Ants Climbing a tree -A simple, homey Sichuan dish that is Flavorful, quick, satisfying and comes together in less than no time.
Chinese restaurants were the first restaurants I started venturing out to, when I moved to the United States. I remember those days vividly, I was a real picky eater. A far cry from the adventurous eater today… One who eats raw fish without blinking an eye? (My family thinks I am from another planet).
No, thank you. What’s that? You mean to tell me people eat this, I’ll NEVER eat that. Those were my chants.
Like most people moving to a different part of the world there is always this culture shock but surely and slowly you become acclimated with your environment, the food and you slowly ease your way in.
This process began with Chinese or Asian restaurants and I could count a few I really liked.
Then all of a sudden there was this “chatter” about Asian restaurants and the narrative turned me off. So I went straight to a bookstore and bought several cookbooks on Chinese cooking, and started experimenting with Asian flavors.
One book that I use more than others is, Land of the Plenty by Fuchsia Dunlop. I Love her simple approach to Chinese cooking.
Here is one of her recipes, ants climbing a tree, a dish I have made way too often and have adapted to suit my taste buds and ingredients at hand and just love it for it’s ease of preparation, an adaptations.
I threw in some basil, garlic, ginger, and vegetables. You can do the same. Sometimes I have used Sambal chili paste, Korean red pepper paste , sirracha in place of the Chilli bean paste. You can also experiment with these, if you do not have access to black bean chili paste.
It may not be traditional but it still taste great. Use dry sherry or you may skip the wine if you do not have any on hand.
Ants’ climbing the tree is quick, easy, straightforward and it hits the spot, every single time. I make it more often now for my son, he is a fan of all things noodles. Any bean thread noodles would work just fine. I like the medium ones, it has more of a bite to it.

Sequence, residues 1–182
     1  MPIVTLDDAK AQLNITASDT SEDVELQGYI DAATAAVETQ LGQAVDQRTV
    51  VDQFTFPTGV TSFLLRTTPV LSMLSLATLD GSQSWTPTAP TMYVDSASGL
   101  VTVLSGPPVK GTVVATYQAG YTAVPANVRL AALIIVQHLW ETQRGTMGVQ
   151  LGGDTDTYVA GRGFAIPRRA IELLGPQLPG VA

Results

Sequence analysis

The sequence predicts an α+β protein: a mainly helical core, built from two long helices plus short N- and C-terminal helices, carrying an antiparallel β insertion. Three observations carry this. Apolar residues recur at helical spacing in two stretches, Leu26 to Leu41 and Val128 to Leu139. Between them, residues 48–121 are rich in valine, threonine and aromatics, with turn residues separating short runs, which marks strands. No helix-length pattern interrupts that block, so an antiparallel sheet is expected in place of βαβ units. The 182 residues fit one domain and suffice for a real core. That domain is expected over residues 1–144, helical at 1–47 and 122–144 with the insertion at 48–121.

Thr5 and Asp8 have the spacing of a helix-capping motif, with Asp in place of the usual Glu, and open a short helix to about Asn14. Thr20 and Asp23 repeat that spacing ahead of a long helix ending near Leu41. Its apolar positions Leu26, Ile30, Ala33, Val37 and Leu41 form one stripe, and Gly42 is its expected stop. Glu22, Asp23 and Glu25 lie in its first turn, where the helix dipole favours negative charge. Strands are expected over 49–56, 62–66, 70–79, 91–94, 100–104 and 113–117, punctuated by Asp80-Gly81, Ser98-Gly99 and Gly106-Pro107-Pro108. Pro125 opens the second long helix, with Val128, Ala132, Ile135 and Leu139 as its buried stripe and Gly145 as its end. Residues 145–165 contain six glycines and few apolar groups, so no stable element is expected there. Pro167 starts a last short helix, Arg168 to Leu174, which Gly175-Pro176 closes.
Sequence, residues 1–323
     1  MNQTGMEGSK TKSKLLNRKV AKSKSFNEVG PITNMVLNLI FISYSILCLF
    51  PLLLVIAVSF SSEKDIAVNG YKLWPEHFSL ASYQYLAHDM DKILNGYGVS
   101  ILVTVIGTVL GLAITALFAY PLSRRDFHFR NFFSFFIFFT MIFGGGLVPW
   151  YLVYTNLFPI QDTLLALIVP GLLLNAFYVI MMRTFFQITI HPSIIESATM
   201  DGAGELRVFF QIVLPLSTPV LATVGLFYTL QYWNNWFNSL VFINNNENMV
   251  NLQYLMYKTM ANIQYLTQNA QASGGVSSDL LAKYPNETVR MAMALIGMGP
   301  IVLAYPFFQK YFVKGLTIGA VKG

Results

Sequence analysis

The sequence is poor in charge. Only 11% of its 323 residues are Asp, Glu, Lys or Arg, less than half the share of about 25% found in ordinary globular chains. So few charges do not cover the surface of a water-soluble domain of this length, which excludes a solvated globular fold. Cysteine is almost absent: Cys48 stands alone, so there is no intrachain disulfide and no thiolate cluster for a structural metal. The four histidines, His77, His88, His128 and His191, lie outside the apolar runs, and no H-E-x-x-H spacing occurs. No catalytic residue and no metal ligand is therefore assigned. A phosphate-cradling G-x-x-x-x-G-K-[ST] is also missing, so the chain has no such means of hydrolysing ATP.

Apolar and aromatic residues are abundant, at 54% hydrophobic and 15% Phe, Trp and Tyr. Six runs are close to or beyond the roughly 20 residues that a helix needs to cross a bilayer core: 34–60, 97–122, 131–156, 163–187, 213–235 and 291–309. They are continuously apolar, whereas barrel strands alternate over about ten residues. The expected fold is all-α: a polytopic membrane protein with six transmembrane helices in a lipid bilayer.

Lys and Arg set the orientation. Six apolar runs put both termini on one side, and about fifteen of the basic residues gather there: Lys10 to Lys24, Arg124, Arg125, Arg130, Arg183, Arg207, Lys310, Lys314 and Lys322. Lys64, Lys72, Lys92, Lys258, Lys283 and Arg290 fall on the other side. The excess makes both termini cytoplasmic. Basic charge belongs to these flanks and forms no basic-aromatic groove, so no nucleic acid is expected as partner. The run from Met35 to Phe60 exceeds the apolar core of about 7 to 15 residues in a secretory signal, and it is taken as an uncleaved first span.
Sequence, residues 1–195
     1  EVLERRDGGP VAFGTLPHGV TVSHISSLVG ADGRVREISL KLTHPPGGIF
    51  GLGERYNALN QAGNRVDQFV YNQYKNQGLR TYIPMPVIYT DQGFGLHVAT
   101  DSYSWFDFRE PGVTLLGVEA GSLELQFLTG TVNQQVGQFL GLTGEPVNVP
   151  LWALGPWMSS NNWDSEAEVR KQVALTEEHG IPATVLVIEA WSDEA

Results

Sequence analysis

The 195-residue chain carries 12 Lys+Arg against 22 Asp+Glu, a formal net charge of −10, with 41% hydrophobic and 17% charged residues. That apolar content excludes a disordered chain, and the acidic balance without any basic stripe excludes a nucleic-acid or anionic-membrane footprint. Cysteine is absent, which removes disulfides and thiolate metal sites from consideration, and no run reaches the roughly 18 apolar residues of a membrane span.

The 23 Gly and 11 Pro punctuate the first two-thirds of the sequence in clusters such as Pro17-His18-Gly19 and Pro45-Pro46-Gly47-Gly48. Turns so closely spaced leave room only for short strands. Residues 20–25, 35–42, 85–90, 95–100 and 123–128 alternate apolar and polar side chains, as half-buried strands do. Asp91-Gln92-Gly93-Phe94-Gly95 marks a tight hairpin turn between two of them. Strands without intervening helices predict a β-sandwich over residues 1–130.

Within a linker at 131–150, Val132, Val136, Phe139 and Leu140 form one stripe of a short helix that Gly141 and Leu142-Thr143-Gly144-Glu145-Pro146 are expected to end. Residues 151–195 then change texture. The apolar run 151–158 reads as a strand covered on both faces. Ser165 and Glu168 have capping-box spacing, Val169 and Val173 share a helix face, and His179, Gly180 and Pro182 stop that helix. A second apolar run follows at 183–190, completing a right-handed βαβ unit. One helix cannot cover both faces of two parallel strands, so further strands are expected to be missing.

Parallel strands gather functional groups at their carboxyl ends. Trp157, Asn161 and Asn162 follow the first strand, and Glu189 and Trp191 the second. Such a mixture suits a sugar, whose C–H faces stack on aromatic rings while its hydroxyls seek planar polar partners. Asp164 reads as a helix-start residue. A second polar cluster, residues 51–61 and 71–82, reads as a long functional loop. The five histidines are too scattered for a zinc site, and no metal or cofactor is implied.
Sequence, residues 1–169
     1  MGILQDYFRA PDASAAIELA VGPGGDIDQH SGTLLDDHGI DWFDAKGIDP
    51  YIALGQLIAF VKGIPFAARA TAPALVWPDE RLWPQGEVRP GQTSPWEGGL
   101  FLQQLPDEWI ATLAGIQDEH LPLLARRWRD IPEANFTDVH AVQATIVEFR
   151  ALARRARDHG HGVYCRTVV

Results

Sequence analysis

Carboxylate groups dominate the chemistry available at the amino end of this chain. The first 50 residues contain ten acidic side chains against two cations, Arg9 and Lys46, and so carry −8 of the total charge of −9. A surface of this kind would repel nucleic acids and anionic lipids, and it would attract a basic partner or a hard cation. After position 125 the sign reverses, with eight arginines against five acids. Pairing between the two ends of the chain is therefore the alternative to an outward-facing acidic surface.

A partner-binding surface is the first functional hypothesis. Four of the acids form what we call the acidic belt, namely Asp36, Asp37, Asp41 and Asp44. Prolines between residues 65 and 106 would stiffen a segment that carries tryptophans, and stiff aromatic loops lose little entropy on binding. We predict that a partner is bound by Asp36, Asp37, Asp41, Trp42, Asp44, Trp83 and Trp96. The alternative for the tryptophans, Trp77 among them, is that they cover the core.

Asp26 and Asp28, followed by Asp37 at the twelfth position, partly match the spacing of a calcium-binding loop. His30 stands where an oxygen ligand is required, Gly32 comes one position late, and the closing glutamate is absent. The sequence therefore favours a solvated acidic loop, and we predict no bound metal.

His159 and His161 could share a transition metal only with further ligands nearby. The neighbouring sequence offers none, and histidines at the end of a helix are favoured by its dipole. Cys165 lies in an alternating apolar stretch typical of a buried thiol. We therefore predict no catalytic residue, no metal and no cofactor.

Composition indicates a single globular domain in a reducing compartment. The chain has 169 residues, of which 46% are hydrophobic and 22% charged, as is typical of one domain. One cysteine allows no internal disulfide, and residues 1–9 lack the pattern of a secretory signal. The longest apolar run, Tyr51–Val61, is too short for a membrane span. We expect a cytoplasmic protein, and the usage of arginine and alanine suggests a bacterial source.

Why the name? It refers to the tiny bits of ground pork that cling to pieces of stir-fried vermicelli, bean thread noodles (the “tree”). Kinda neat eh? Yeah, am not going to lie the name got my attention.
Ants Climbing the Tree
- 1/4 lb. bean thread noodles vermicelli, Cellophane noodles
- 1 teaspoon Shaoxing rice wine
- 1/3 lb. ground pork sub beef, chicken
- 2 tablespoon or more peanut oil
- 1 teaspoon minced garlic
- 1/2 teaspoon minced ginger
- 2 teaspoon light soy sauce
- 2 Tablespoons Chili bean paste
- 1 1/4 cup chicken stock or more
- 1/2 tsp. dark soy for color
- 1 bok choy
- 3 scallions green parts only, finely sliced
- 4-5 Chinese basil leaves
- ½ cup carrots or more optional
- Begin by soaking noodles in hot water for 7- 10 minutes. Drain them just before you start to cook.
- Heat oil in a wok or saucepan, swirl to coat pan and then add, garlic, ginger, and chili bean paste until fragrant. About 30 seconds or a minute. Be careful not to let it burn.
- Add ground meat, lightly salt, rice wine, and light soy sauce. Continue stir-frying for about 2-3 minutes until all the ingredients have come together and meat is browned.
- Add drained noodles to pan, stir -fry then add basil, carrots, and bok Choy. Pour in stock with dark soy sauce.
- Bring to a boil. Reduce heat to simmer over a medium heat for about 5 minutes or more, so all the flavors can come together and the noodles have absorbed liquid. Adjust seasonings with salt and light soy sauce.
- Remove and serve warm.